Governor Pinchot on road grader
Governor Gifford Pinchot on a road grader, circa 1932.
In 1931, under the direction of Governor Gifford Pinchot, the state launched its first major effort to improve Pennsylvania's back roads. The markerFirst Pinchot Road as the new rural highways were labeled, was constructed in York County. Governor Pinchot colorfully labeled his initiative the "get the farmer out of the mud" program.

The Great Depression spurred new dreams for highway development. During the mid-1930s, state officials became convinced that old U.S. Route 30 was no longer acceptable as the main east-west highway across the state. They also wanted a public works project that could help rejuvenate the state's economy. The Commonwealth surveyed the old defunct South Pennsylvania Railroad right of way for the route that would become the Pennsylvania Turnpike. During the nineteenth century, William Vanderbilt had attempted to create a rival to the Pennsylvania Railroad, but his South Penn line never came together and sections of the unfinished line provided the starting point for turnpike construction through the Allegheny Mountains.

On May 21, 1937, the Pennsylvania Turnpike Commission was created. With private companies uneasy about supporting this new turnpike, the Reconstruction Finance Corporation, a federal agency, offered a series of loans and bonds to the Commission, which also offered construction bonds to the private companies.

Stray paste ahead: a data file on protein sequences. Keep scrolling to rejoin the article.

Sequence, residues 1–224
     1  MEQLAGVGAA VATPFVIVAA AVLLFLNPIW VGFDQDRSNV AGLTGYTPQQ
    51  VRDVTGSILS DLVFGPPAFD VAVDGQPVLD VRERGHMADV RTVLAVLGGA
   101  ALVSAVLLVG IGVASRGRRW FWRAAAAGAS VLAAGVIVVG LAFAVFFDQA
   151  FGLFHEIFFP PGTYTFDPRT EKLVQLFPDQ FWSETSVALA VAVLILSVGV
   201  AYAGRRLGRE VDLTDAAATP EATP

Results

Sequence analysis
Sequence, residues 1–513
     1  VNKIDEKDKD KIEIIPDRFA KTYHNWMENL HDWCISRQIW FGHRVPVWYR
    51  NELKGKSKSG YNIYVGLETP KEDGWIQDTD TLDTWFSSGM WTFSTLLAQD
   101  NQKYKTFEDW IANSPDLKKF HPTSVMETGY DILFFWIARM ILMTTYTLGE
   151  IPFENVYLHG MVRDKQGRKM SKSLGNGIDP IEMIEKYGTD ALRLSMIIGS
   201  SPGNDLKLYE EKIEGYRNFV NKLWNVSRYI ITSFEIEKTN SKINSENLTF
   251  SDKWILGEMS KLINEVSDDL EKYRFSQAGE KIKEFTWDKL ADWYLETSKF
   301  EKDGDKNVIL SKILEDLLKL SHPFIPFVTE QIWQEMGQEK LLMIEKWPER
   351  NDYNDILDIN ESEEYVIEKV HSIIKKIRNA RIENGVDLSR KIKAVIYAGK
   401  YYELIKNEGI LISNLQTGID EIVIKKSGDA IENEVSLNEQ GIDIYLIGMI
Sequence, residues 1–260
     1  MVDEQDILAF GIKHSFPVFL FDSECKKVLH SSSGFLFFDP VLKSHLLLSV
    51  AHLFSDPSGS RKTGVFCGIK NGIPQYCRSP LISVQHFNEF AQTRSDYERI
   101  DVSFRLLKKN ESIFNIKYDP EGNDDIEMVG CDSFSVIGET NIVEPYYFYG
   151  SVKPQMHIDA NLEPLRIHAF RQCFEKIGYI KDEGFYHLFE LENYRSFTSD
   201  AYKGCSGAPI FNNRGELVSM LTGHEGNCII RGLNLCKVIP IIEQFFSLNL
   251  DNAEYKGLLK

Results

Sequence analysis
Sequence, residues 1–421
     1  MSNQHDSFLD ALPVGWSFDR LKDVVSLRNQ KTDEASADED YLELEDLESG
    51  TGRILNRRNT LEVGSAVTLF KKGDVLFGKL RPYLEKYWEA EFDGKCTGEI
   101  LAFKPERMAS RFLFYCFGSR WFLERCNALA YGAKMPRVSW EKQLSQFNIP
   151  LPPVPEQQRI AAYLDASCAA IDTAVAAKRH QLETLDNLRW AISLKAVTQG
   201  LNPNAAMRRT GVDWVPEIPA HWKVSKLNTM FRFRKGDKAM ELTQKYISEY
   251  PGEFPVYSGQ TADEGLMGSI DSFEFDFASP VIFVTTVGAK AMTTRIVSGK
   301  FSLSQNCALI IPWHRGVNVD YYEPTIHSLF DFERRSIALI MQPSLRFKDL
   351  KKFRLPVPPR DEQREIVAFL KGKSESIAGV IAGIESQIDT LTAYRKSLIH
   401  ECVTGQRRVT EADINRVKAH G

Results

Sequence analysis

Turnpike construction photo
Carving out a section of roadbed for the Pennsylvania Turnpike, circa 1939.
Construction on the markerPennsylvania Turnpike began in 1938. The nation's first modern four-lane automobile highway opened to the public on October 1, 1940. The new turnpike initially stretched 160 miles from Carlisle in Cumberland County to Irwin in Westmoreland County. Crossing the Alleghenies and connecting two sections of the state, the Pennsylvania Turnpike, like the canal and railroad before it, also produced new achievement in engineering in order to traverse the harsh terrain. A series of seven tunnels penetrated the Alleghenies, allowing motorists to pass under instead of over the divide.
Enthusiastic travelers line up with their cars for opening day on the Pennsylvania
Enthusiastic travelers line up with their cars for opening day on the Pennsylvania.

When it was completed in 1940, the Pennsylvania Turnpike was arguably the finest highway in the world, rivaling Germany's autobahns. The toll road soon provided astounding returns on the initial $29 million investment. Within the first twelve months, over 2,400,000 cars, buses, and trucks used the turnpike, generating toll receipts worth $2,950,213. In October 1948, the state extended the Turnpike to the New Jersey state line just beyond Philadelphia. The western extension to Ohio was completed in 1949, and a northeast extension reached Scranton in 1957.

The Pennsylvania Turnpike was the culmination of Pennsylvanians' monumental efforts to cross the Alleghenies. Beginning with colonial-era King's Highways and Conestoga wagons, and continuing to canals and railroads, these efforts encouraged westward trade and expansion across the state. From wagons to trucks and from King's Highway's to the Pennsylvania Turnpike, the goal was the same - cross the Alleghenies, unite the state, and promote a stronger economy.